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From Dan Haywood <dkhayw...@gmail.com>
Subject Re: A modest suggestion about testing versus release votes
Date Wed, 06 Jul 2011 11:30:03 GMT
Hi Benson,
Sure, do appreciate what you are saying, and it has become clear to me 
as I've been cranking out these RCs how to do dry-runs all the way up to 
a staged release.    Indeed, I did do several trial uploads for RC5 to 
the staging repo, found an issue, and then dropped that repo in order to 
go round the loop again.

If I'm cranky it's cos I've noticed various inconsistencies in releases 
of some TLP and other incubating projects, along with various incomplete 
and sometimes contradictory advice.  Can be frustrating trying to get 
the "perfect" release out when the definition of "perfect" is variable.

Thx anyway, do appreciate your advice.
Dan


On 06/07/2011 11:51, Benson Margulies wrote:
> I'm just a mentor. I don't make judgements the quality of the code, or
> about the QA process in general. I try to be helpful with the Apache
> release process. First releases are bound to be somewhat lumpy. As
> Mark writes, some of that lumpiness is a result of people using the
> release test process as a QA opportunity (which is what got me
> started) and some of it is the process of finding and swatting legal
> issues.
>
> For the former, I am really with Mark. It's mostly a matter of making
> sure that everyone understands that the formal release process is not
> so much about bugs. Later on in life, when you have regressions to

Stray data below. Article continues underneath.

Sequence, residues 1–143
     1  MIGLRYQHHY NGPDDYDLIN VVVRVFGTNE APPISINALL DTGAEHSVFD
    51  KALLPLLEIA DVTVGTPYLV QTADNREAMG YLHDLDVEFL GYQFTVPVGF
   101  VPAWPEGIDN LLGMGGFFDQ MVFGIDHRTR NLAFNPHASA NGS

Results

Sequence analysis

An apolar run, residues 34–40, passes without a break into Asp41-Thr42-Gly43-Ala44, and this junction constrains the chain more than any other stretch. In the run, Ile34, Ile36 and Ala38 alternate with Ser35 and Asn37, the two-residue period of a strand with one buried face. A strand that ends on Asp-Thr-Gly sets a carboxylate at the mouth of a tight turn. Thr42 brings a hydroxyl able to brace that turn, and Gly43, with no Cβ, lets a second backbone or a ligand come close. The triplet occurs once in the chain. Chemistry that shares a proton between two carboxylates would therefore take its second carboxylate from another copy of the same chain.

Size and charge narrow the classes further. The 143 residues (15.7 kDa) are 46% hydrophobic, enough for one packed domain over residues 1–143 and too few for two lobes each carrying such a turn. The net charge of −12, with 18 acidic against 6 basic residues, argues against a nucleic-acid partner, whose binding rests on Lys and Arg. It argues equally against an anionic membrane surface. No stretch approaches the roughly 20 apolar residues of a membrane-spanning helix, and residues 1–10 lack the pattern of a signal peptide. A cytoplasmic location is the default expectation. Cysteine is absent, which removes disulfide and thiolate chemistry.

> worry about, you might come to see a serious bug that pops up in
> release testing as blocking, but for now, not the main point.
>
> For the later, my point was to emphasize the relative ease of
> dry-running the release. You *can* dry-run with the real version
> number. You'll just be typing 'svn rm' from time to time to discard
> tags, and you might be among the people who get itchy about creating
> release packages that are relatively far from being the real release.
> In which case, you have the option of making use of the 'RC' trick --
> set version to n-RC-x, run the release plugin, and invite people to
> scrutinize the packages on repository.apache.org. When people run out
> of complaints, drop the staged repo, set version to n, and do it one
> more time. Now vote.
>
>
> On Wed, Jul 6, 2011 at 4:18 AM, Mark Struberg<struberg@yahoo.de>  wrote:
>> basically +1. But there is always n+1 more bug which needs to be fixed ;)
>> So somewhen you just need to start to get a release out of the door.
>> The first release is always the hardest...
>> It doesn't need to be technically perfect imo, but we _must_ be perfect on the license
+ legal side!
>>
>> LieGrue,
>> strub
>>
>> --- On Tue, 7/5/11, Mohammad Nour El-Din<nour.mohammad@gmail.com>  wrote:
>>
>>> From: Mohammad Nour El-Din<nour.mohammad@gmail.com>
>>> Subject: Re: A modest suggestion about testing versus release votes
>>> To: isis-dev@incubator.apache.org
>>> Date: Tuesday, July 5, 2011, 6:40 PM
>>> To brief what Benson suggested and to
>>> put it into steps we can do the following:
>>>
>>> 1- Declare the intention of preparing a release
>>>    1.1- Stop committing new changes to trunk
>>>    1.2- Make primary tests for building from source and